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Malleus fracture healing studied in a new sheep model
Umeå University, Faculty of Medicine, Department of Clinical Sciences, Otorhinolaryngology.
Umeå University, Faculty of Medicine, Department of Clinical Sciences, Otorhinolaryngology.
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(English)Manuscript (preprint) (Other academic)
Keywords [en]
malleus fracture bone remodeling sheep
National Category
Otorhinolaryngology
Research subject
Oto-Rhino-Laryngology
Identifiers
URN: urn:nbn:se:umu:diva-156850OAI: oai:DiVA.org:umu-156850DiVA, id: diva2:1292843
Available from: 2019-03-01 Created: 2019-03-01 Last updated: 2019-03-19
In thesis
1. Malleus fracture: experimental and clinical aspects
Open this publication in new window or tab >>Malleus fracture: experimental and clinical aspects
2019 (English)Doctoral thesis, comprehensive summary (Other academic)
Abstract [en]

Background: Patients with malleus fractures are described as rare in the literature. The cause of these fractures are most commonly trauma and digital manipulation of the ear canal, while in some cases the causes are unknown. At our clinic we record one new case every year, which leads to an incidence of approximately 40-50 new cases every year in Sweden. Different treatments have been proposed for this condition. However, since the condition is rare, no consensus has been reached regarding the best treatment. Additionally, it remains unclear whether malleus fractures can heal.

Aim: To get a deeper understanding of how malleus fractures occur, how they should be treated surgically, and if the malleus shows any sign of bone healing.

Materials and methods: Paper I. We carried out both a retrospective study of the medical records of nine Swedish patients with isolated malleus fractures, and a literature review of this condition. Symptoms, clinical findings and patients’ history were collected.Paper II. Ossiculoplasty on human temporal bones was performed in the presence of a malleus fracture. We developed a surgical model from freshly frozen human temporal bones, and we performed Laser Doppler vibrometry (LDV) measurements on this model both before and after ossiculoplasty.Paper III. We performed ossiculoplasties with different types of partial ossicular replacement prostheses (PORP) on human temporal bones and we measured the results with LDV.Paper IV. We performed an in vivo animal study on Merino sheep, in which we produced isolated malleus fractures. We then compared the bone healing of these fractures with that of the nasal bone and the mandible. Bone healing was detected with micro-CT.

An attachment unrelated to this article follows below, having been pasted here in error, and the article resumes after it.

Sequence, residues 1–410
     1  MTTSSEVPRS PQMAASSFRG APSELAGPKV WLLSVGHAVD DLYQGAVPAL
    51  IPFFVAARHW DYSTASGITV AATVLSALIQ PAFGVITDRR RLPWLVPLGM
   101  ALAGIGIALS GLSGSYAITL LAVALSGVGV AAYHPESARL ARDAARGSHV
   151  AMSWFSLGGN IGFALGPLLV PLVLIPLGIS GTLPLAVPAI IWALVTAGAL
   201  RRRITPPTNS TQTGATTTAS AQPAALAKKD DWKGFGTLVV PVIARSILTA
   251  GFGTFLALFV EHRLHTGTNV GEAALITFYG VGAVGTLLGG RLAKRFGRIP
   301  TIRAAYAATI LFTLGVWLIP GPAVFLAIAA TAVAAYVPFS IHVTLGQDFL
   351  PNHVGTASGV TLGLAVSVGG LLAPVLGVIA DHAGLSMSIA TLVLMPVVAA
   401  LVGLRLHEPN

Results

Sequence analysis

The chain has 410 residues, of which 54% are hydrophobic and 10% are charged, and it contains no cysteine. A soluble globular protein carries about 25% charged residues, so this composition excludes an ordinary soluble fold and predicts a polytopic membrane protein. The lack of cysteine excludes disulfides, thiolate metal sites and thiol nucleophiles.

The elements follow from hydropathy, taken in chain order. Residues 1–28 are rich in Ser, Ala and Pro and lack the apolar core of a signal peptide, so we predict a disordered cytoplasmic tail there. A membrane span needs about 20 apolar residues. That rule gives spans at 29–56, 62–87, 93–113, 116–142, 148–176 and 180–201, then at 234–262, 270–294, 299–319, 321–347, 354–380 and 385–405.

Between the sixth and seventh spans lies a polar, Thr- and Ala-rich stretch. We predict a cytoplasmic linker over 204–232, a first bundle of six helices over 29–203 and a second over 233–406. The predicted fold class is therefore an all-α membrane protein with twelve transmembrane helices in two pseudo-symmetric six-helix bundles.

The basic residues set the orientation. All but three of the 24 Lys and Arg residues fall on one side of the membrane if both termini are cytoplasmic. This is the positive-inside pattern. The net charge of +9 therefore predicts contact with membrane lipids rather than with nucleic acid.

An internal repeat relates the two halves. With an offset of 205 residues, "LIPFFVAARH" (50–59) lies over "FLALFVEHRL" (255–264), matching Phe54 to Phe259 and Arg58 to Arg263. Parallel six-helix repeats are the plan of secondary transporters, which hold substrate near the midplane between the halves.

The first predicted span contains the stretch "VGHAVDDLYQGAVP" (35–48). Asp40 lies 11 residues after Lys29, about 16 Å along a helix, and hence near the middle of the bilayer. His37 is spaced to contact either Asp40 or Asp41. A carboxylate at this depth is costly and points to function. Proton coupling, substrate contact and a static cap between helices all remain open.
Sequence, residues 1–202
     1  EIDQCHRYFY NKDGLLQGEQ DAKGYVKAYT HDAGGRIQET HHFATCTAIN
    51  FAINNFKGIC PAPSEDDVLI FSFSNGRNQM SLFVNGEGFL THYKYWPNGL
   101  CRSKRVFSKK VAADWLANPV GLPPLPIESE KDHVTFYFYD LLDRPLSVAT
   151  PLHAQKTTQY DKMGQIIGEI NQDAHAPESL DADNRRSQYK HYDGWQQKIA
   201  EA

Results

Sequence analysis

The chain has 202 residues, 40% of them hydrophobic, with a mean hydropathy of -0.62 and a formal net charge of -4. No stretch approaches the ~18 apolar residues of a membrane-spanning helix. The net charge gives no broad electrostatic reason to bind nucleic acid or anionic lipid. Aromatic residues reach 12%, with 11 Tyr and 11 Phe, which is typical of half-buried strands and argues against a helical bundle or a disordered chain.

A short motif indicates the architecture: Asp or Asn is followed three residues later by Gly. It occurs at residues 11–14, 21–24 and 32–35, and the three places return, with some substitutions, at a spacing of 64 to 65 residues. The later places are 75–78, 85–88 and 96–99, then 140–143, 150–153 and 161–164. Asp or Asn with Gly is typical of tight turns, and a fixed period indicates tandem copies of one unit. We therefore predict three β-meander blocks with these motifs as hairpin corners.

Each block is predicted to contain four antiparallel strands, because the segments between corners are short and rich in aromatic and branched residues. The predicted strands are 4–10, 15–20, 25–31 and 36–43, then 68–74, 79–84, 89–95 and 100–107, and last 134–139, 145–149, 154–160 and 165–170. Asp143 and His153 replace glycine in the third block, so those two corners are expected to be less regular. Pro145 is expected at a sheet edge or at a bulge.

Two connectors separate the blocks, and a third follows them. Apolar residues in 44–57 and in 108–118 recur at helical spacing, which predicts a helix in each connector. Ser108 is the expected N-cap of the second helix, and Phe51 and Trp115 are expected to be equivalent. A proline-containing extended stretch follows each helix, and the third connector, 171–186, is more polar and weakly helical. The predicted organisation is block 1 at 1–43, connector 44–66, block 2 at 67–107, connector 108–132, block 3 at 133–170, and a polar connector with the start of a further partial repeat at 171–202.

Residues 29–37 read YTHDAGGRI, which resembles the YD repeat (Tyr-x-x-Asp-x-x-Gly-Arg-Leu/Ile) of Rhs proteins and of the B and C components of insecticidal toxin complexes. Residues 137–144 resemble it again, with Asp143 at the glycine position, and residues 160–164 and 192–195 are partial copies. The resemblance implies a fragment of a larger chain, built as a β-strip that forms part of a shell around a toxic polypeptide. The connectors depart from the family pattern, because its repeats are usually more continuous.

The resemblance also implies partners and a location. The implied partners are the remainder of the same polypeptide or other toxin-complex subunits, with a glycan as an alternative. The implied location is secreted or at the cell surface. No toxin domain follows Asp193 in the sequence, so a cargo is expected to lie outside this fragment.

Results: Paper I. The most common cause of isolated malleus fractures was found to be a so-called “digital” trauma, which occurred when the patients had removed a finger from the wet ear canal after bath. The hearing loss was occasionally accompanied by tinnitus and transient pain. Pneumatic otoscopy and tympanometry showed a hypermobile tympanic membrane, while audiometry showed a conductive hearing loss that increased towards higher frequencies.Paper II. Our LDV measurements indicated that fixation of an isolated malleus with bone cement may give the best results after surgery.Paper III. The best LDV measurements were obtained when ossiculoplasty was done using a PORP in lateral contact with both the tympanic membrane and the malleus handle.Paper IV. In our animal study we found no signs of bone healing at micro-CT four weeks after producing the malleus fractures. In contrast, both the nasal bone and the mandible showed bone healing. This indicates that the bone healing properties of the ossicles probably differ from those of other bones in the body.

Conclusion: Digital trauma is the major cause of isolated malleus fractures. Pneumatic otoscopy and tympanometry showed a hypermobile tympanic membrane, while audiometry showed a conductive hearing loss increasing towards the higher frequencies. We developed a method to employ freshly frozen human temporal bones and we used LDV for detecting optimal results. This method allows to evaluate and develop otosurgery, aimed to restore hearing after an interrupted ossicular chain. The animal study indicates that malleus fractures will not heal spontaneously.

Place, publisher, year, edition, pages
Umeå: Umeå universitet, 2019. p. 52
Series
Umeå University medical dissertations, ISSN 0346-6612 ; 2013
Keywords
malleus fracture middle ear human temporal bone laser doppler vibrometry
National Category
Otorhinolaryngology
Research subject
Oto-Rhino-Laryngology
Identifiers
urn:nbn:se:umu:diva-156847 (URN)978-91-7855-021-0 (ISBN)
Public defence
2019-03-29, Aulan, Sunderby sjukhus, Luleå, 09:00 (Swedish)
Opponent
Supervisors
Available from: 2019-03-08 Created: 2019-03-01 Last updated: 2019-03-21Bibliographically approved

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Niklasson, AndersTano, Krister

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